Serbian environmentalist groups have welcomed the Serbian government’s moves to cancel a controversial lithium mining project by Rio Tinto – but say the fight goes on against a host of other such projects.

Serbian Activists Doubt Govt’s Sincerity in Cancelling Lithium Mine

Serbian President Aleksandar Vucic and PM Ana Brnabic meeting Rio Tinto delegation. June 2021. Photo: Serbia’s Presidency

After Serbia’s government on Wednesday revoked a key decree greenlighting Rio Tinto’s controversial lithium mining project, activists said they did not trust government promises that the mining project is over for good, fearing what might happen after elections in April.

The Association of Environmental Organizations of Serbia, SEOS, announced that the fight would continue, noting that Prime Minister Ana Brnabic had not clarified many points.

“She did not say what we will do with the damage and with the wells that are leaking, she did not say whether she will ban research into lithium and boron. She did not tell us … who from her government persistently pushed the project,” SEOS stated on Twitter, announcing a public protest on Saturday.

Savo Manojlovic, from the NGO Kreni-Promeni, who was behind the idea of road blockades, said the repeal of the government decree on changing the spatial plan of Loznica in western Serbia for the Rio Rinto project was only one of the conditions his organisation had set for calling off protests, The second condition remains – total ban exploitation of boron and lithium for 20 years.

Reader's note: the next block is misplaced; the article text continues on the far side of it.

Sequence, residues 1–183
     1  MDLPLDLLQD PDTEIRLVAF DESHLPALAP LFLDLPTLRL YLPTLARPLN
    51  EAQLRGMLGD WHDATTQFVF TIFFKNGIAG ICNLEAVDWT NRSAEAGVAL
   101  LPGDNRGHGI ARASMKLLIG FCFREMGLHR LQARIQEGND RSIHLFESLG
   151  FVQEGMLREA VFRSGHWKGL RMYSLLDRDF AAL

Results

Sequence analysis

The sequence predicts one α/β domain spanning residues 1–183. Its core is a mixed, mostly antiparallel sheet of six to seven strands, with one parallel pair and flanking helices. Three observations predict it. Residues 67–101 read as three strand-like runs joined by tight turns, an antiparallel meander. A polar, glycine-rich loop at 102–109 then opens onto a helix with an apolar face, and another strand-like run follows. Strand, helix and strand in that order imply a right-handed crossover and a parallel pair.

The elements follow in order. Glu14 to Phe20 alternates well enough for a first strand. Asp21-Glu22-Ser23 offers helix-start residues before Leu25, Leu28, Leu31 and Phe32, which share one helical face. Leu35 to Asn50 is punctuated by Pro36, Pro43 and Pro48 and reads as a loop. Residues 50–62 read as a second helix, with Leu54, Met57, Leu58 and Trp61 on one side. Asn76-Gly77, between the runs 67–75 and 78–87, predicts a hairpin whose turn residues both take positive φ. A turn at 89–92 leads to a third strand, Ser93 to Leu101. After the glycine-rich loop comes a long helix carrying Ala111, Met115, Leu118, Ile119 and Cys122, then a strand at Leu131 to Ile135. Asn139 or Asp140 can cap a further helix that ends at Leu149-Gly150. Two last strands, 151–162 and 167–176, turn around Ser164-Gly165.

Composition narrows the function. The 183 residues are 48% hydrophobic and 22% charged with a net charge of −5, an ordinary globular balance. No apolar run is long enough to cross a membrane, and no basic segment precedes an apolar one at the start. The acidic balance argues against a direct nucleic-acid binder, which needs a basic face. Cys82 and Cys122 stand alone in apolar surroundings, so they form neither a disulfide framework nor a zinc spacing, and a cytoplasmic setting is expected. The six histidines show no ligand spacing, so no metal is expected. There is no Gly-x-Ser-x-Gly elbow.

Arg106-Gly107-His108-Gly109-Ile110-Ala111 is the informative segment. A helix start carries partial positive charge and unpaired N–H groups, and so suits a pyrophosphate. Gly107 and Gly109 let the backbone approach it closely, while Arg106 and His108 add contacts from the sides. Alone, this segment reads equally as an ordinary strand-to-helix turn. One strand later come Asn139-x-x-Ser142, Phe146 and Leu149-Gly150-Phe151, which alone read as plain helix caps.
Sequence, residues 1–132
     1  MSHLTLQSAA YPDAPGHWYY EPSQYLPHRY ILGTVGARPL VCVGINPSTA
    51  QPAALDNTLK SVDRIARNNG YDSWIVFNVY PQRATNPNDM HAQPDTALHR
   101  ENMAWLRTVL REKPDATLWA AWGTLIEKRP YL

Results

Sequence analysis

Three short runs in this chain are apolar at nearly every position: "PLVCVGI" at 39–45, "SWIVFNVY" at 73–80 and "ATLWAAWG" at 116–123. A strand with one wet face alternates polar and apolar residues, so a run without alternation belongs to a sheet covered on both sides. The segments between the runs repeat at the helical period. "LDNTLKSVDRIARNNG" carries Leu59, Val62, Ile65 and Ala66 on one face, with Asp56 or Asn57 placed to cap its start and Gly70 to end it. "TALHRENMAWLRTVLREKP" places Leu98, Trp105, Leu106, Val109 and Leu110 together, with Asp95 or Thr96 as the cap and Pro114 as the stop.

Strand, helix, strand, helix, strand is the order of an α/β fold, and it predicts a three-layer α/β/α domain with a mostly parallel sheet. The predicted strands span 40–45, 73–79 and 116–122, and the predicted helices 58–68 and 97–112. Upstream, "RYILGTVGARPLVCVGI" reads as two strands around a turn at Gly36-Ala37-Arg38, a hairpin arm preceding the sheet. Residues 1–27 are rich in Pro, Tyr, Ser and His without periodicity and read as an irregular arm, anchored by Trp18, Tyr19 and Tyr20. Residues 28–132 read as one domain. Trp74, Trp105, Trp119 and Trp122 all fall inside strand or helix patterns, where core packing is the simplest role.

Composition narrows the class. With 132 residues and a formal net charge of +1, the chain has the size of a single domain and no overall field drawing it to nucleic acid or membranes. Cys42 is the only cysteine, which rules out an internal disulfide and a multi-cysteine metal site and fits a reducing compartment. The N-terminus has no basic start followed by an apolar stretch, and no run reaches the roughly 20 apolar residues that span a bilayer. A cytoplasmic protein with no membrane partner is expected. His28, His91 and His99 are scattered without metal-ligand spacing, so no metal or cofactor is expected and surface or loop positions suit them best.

“Also, they need to explain why we banned Rio Tinto from digging in Jadar [near Loznica], but left Eurolitium to dig around Valjevo [in western Serbia]. They are also literally setting themselves up to pay compensation to Rio Tinto,” Manojlovic wrote on Twitter.

A representative of the NGO Environmental Uprising, Aleksandar Jovanovic, Cuta, congratulated all the citizens who fought against the lithium mine and Rio Tinto, but also announced the continuation of the fight against other environmentally problematic mining projects.

“Rio Tinto is not the only mining company; we have 50 new mines that have been included in spatial plans,” Jovanovic said.

Rio Tinto meanwhile said it was concerned about the statement of Prime Minister Brnabic, that the spatial plan for the lithium mine had been abolished, and that all administrative acts related to the project were being annulled.

“During our work on the Jadar Project, we always respected the laws of the Republic of Serbia,” the company said, adding that it was considering the legal basis for this decision, and “the implications it may have for our activities and our people in Serbia”.

Public outrage linked to fears for the environment peaked in protests and road blockages at the end of last year. President Aleksandar Vucic and the government felt forced to back down.

With elections coming in April, Vucic and his protégée, Brnabic, first announced they might stop the project, but also warned that this could cost the country if the multinational sued the country.

Previously, Vucic had supported the project and did everything to enable it. The government signed a Memorandum of Understanding, MoU, with Rio in 2017, formed a joint working group for the project, changed the essential local spatial plan by government decree, and started infrastructure works for the project – even before an exploitation permit was granted. However, the mining giant did not get a permit for exploitation, which is the last and most decisive element in the procedural chain.

Source link: